Walter Pitts and Neural Nets

Pitts is one of the least studied geniuses of the early information age. See also Wikipedia, Nautil.us. Cabinet Magazine: There are no biographies of Walter Pitts, and any honest discussion of him resists conventional biography. Pitts was among the original participants in the mid-century cybernetics conferences, though he began his association with that group of …

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The Gulf is Deep (Heinlein)

  The novella Gulf predates almost all of Heinlein’s novels. Online version. The book Friday (1982) is a loose sequel. Wikipedia: Gulf is a novella by Robert A. Heinlein, originally published as a serial in the November and December 1949 issues of Astounding Science Fiction and later collected in Assignment in Eternity. It concerns a secret society …

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Decoding Genius podcast

I’m interviewed in episode 2 of this podcast. ABOUT THE DECODING GENIUS PODCAST What exactly is a Genius? Are they born that way or can you become a genius? The world is now so interconnected that a single genius, whether a young Aussie creating mind-controlled machines or a ten year old building a high tech …

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Roe’s scientists: original published papers

Gwern has provided scans of the original papers published by Anne Roe on studies of 64 eminent scientists. These papers include details concerning the selection of these individuals and the psychometric testing performed on them. Roe’s scientists — selected in their 40’s and 50’s for outstanding research contributions — scored much higher on a set …

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Theory, Money, and Learning

After 25+ years in theoretical physics research, the pattern has become familiar to me. Talented postdoc has difficulty finding a permanent position (professorship), and ends up leaving the field for finance or Silicon Valley. The final phase of the physics career entails study of entirely new subjects, such as finance theory or machine learning, and developing …

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Gell-Mann on quantum foundations

Google knows enough about me that my YouTube feed now routinely suggests content of real interest. A creepy but positive development ;-) Today YouTube suggested this video of Murray Gell-Mann talking about Everett, decoherence, and quantum mechanics. I had seen this video on another web site years ago and blogged about it (post reproduced below), …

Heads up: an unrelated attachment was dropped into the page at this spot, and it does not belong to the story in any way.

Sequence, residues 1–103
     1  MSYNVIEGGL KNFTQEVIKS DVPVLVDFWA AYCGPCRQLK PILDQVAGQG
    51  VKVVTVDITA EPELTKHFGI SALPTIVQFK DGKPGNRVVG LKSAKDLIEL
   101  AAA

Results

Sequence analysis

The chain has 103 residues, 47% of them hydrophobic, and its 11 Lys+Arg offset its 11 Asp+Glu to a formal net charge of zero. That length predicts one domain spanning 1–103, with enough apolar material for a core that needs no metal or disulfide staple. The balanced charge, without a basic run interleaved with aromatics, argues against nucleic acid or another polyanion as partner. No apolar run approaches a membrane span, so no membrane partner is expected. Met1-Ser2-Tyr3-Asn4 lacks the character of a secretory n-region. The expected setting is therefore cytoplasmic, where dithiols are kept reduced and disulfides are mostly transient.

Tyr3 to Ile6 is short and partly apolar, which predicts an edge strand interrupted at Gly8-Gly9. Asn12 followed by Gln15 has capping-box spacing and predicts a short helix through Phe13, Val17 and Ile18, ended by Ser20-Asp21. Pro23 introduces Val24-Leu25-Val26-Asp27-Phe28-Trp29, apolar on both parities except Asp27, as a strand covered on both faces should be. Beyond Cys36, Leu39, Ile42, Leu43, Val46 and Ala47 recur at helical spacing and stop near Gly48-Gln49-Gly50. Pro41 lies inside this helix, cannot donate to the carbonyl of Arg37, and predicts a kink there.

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DeepMind and Demis Hassabis

Recent profile in the Guardian; 15 facts about Hassabis. The mastery of Atari games through reinforcement learning deep neural nets is described here (Nature). See also Deep Neural Nets and Go: AlphaGo beats European champion. Guardian: … “We’re really lucky,” says Hassabis, who compares his company to the Apollo programme and Manhattan Project for both …

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Black Hole Memory and Soft Hair

A recent paper by Hawking, Perry, and Strominger (Soft Hair on Black Holes) proposes a new kind of soft hair (i.e., soft gravitons or photons) on the black hole horizon. This hair is related to recent results on BMS symmetries and soft (zero) modes by Strominger and collaborators. The existence of an infinite number of …

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The cult of genius?

In one of his early blog posts, Terence Tao (shown above with Paul Erdos in 1985) wrote Does one have to be a genius to do maths? The answer is an emphatic NO. In order to make good and useful contributions to mathematics, one does need to work hard, learn one’s field well, learn other …

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Feynman’s War

Radar and nuclear weapons could not have been developed without the big brains. Feynman’s War: Modelling Weapons, Modelling Nature Peter Galison* What do I mean by understanding? Nothing deep or accurate—just to be able to see some of the qualitative consequences of the equations by some method other than solving them in detail. — Feynman …